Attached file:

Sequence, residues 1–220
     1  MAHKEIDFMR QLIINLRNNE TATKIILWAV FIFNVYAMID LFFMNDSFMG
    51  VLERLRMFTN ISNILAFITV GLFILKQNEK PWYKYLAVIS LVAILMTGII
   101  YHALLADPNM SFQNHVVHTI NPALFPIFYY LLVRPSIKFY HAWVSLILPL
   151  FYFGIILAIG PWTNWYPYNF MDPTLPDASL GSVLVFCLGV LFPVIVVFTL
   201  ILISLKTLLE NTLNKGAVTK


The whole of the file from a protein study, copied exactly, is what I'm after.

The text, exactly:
Sequence, residues 1–220
     1  MAHKEIDFMR QLIINLRNNE TATKIILWAV FIFNVYAMID LFFMNDSFMG
    51  VLERLRMFTN ISNILAFITV GLFILKQNEK PWYKYLAVIS LVAILMTGII
   101  YHALLADPNM SFQNHVVHTI NPALFPIFYY LLVRPSIKFY HAWVSLILPL
   151  FYFGIILAIG PWTNWYPYNF MDPTLPDASL GSVLVFCLGV LFPVIVVFTL
   201  ILISLKTLLE NTLNKGAVTK